ON July 21st 1964, Scottish football - and football in general - lost one of its star players. Tottenham Hotspur inside forward John White, born in Musselburgh, died after being struck by lightning on the golf course.
He was just 27, a star performer in Bill Nicholson’s double-winning Spurs side of the 1960/61 season as well as a Scotland international.
His arrival at White Hart Lane came after spells at Alloa Athletic and Falkirk, and in the midst of his 22 appearances for his country, and Nicholson was planning on building the Spurs team around the influential White.
Dubbed the ‘Ghost of White Hart Lane’ due to his pale complexion and tendency to unexpectedly appear in opposition penalty boxes, White’s influence ensured that Spurs never finished lower than fourth with him in the starting XI.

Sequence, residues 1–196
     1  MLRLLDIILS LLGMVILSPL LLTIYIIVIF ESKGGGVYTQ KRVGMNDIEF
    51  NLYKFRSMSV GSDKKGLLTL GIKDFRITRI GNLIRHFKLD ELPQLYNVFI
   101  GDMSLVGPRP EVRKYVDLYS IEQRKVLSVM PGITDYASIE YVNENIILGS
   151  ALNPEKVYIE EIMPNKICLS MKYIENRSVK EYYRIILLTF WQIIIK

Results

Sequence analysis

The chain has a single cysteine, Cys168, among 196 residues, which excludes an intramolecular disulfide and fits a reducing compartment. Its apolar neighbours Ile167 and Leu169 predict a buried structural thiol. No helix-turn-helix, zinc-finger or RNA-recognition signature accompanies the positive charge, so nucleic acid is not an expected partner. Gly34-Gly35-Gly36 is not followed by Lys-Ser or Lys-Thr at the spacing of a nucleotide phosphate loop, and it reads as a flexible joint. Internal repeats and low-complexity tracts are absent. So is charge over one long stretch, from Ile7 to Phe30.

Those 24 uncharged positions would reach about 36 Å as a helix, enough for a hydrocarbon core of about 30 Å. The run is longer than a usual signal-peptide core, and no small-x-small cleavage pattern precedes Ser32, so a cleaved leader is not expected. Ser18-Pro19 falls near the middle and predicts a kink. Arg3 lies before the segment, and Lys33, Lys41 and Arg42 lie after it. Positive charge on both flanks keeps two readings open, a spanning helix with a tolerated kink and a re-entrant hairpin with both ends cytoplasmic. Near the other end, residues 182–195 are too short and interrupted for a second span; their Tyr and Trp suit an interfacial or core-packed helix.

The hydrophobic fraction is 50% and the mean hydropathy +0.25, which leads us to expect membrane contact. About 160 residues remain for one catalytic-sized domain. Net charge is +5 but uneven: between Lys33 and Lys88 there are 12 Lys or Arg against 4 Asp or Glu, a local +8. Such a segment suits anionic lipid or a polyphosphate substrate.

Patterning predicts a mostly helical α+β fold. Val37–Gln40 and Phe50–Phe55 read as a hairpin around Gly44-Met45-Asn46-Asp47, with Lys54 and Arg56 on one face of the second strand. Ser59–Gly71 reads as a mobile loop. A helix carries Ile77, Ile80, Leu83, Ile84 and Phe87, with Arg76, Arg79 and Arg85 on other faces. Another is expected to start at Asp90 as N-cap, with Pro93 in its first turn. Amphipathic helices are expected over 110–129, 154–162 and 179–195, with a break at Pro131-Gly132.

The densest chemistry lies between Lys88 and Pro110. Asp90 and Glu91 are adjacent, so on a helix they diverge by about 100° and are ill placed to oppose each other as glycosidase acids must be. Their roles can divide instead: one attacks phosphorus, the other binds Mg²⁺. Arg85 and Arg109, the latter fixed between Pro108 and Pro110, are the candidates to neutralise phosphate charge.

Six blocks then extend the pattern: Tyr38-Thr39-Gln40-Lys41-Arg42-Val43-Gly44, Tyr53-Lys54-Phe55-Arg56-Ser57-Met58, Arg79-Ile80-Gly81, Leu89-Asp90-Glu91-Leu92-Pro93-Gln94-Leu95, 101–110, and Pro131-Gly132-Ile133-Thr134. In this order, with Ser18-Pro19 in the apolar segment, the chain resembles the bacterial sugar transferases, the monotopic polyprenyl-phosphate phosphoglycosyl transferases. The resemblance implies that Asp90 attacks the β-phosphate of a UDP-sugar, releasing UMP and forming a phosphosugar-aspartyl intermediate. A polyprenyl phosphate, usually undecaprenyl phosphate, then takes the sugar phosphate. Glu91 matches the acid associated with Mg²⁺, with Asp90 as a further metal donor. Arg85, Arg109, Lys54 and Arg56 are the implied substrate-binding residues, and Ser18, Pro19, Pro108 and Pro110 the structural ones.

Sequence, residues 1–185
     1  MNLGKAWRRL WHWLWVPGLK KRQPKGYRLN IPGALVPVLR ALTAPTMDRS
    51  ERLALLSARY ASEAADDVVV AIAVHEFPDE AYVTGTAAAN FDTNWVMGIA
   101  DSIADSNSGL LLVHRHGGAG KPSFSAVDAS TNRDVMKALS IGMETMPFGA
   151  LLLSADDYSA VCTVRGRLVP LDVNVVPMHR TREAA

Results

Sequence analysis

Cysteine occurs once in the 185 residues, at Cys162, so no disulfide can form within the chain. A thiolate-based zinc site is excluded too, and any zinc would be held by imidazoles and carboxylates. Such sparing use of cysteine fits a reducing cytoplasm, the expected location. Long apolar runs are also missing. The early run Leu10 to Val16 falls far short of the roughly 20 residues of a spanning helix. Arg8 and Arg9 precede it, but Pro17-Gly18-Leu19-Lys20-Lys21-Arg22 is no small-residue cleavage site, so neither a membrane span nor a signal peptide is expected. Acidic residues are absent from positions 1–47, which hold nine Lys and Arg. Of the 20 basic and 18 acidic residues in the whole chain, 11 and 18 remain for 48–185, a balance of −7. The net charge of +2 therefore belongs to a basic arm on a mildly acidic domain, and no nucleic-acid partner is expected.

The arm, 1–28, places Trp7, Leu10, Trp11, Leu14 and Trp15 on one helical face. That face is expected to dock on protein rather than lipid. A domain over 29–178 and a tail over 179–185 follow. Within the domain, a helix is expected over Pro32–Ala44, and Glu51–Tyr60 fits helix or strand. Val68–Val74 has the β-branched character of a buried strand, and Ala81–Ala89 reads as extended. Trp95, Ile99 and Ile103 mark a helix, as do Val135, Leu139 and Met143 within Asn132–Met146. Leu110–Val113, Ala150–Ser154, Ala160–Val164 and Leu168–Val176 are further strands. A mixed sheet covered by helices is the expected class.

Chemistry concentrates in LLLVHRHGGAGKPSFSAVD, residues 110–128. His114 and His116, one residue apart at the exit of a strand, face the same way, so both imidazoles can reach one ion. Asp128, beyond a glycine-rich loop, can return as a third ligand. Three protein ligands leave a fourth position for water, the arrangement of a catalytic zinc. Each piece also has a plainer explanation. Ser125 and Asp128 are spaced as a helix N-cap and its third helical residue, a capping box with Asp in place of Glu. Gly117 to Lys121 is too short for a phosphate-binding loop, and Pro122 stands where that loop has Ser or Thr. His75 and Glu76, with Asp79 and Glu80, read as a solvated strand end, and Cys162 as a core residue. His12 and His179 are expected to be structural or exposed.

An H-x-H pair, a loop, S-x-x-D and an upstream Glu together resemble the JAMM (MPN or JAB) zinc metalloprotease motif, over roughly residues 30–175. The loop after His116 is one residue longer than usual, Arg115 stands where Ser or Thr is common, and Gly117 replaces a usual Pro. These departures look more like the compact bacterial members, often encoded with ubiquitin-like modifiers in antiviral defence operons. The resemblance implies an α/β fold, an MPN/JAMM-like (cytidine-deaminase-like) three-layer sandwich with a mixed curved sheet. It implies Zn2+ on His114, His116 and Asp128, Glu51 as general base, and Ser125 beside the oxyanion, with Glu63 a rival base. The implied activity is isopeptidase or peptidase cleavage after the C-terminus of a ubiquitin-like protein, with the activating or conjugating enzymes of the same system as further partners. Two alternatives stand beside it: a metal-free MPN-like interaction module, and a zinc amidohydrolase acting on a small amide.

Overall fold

In the 15 matches he missed while on Tottenham’s books, the side won just once, and he was part of the Spurs team that defeated Rangers 5-2 and 3-2 in the ‘Battle of Britain’ European Cup Winners’ Cup tie in 1962, scoring two in the first-leg victory at White Hart Lane.
After the first session of pre-season training ahead of the 1964/65 season, White went to play golf in Enfield, despite the stormy weather.
White was sheltering under a tree at Crews Hill golf course when he was struck by lightning, and died.
John White’s portrait hangs in the entrance to the Scottish Football Hall of Fame; a plaque has been installed at Crews Hill and The John White Lounge is still a feature at Alloa’s stadium.